The Basic Concept of Air Magic
To use air magic in roleplay is to have a character make use of charms, runes, and spells to supernaturally manipulate the elemental force of air. At its most intuitive level, a magician using air magic has the ability to move air around at his will so long as he has the runes and physical energy to continue. As with most magics, there is a direct correlation between the experience/skill of a magician, the quantity of air he can control at once, and the intricacy with which he can control it. So, a mid-level air-magician could either roughly control a large mass of air or could delicately control a small mass of air.
The ways to combat an enemy with air magic are really only limited to the creativity of the player and his character. That being said, there are three common techniques for attacking with the air. These include pushing, abrading, and sawing.
"Pushing" is perhaps the most intuitive use of air magic. The idea for this technique is that the air does not actually do the damage, but rather delivers the combatant to what will. The magician uses the air to pick his enemy up and throw him somewhere harmful (against a wall, over a cliff, into a sword rack) or to pick something harmful up and throw it at the enemy (a blade, a rock, an arrow). Pushing is dangerous in a similar way to a tornado; the wind doesn't actually hurt the victim - what hits him along the way is what really does damage.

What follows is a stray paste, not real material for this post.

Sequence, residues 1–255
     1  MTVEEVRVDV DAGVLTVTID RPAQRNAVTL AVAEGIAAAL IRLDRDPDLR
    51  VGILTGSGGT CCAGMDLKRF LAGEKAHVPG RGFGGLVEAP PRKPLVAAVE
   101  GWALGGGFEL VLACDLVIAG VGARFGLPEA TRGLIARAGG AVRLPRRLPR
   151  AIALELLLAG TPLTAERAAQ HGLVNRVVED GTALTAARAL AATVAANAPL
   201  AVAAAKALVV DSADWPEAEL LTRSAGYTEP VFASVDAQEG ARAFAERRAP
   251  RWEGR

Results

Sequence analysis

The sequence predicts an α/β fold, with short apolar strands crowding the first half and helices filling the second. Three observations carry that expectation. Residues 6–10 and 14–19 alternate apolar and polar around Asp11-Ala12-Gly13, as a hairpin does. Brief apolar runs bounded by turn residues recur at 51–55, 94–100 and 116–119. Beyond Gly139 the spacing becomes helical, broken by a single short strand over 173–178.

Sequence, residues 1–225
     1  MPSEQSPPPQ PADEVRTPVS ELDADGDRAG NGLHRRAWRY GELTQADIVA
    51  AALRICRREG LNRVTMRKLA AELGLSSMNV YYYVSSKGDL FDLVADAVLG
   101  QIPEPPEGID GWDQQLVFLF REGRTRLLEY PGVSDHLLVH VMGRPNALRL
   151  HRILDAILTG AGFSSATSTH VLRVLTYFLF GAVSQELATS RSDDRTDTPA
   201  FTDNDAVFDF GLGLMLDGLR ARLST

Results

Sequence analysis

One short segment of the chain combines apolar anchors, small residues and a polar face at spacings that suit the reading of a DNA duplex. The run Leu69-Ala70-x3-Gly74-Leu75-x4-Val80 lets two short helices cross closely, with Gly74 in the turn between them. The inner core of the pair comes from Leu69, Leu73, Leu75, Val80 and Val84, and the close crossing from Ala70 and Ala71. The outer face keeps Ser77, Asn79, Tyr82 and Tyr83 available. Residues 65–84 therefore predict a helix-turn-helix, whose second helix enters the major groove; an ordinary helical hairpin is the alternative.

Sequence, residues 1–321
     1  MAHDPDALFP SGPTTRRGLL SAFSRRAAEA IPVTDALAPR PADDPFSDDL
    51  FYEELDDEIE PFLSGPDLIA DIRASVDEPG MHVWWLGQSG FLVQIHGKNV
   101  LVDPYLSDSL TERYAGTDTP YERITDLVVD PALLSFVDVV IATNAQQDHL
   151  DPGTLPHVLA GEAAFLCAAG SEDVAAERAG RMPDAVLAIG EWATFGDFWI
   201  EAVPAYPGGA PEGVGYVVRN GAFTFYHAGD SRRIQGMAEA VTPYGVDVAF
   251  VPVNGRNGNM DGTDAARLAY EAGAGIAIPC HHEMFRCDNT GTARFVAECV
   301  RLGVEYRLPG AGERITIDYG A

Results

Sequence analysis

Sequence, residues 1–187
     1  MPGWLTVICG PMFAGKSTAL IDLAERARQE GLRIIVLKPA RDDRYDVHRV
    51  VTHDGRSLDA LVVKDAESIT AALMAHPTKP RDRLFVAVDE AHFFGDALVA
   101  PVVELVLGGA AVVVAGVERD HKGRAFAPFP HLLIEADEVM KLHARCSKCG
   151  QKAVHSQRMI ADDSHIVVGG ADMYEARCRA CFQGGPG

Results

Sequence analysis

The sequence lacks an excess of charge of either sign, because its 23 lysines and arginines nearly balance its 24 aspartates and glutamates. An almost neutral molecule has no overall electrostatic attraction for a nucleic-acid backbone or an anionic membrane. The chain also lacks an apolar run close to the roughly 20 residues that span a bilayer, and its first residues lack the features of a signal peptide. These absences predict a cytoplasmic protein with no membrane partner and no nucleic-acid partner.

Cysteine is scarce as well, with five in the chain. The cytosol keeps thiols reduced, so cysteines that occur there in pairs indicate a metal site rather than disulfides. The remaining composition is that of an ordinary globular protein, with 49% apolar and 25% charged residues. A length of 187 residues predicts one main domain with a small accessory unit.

"Abrading" is exactly what it sounds like - the magician uses the wind at excessive speeds to gradually wear away the defenses or, more dangerously, the skin of his opponent. This offensive technique is not as quick as the others, but is much trickier for a victim to escape. By running streams of air around a victim at high speeds, the friction of the air against the victim becomes so much that it actually begins to scrape away the surface layers of whatever it touches. For weaker mages, targeted abrasions would be much easier and more effective - so, say, a weak mage would try to wear the skin off of his enemy's face or hands.
"Sawing," then, is a hyper-focused variant of the abrasion technique. In this method, a mage would accelerate air into a disc-like cyclical motion. Given the abrading traits of air, this disc of air would function much like an electric circular saw does today. The mage would launch this air-saw at his enemy like a projectile and upon contact it would start to drill into his defenses in the same way as a slashing blade, dispelling when it had experienced enough friction with the victim's body or shield to slow down and be ineffective.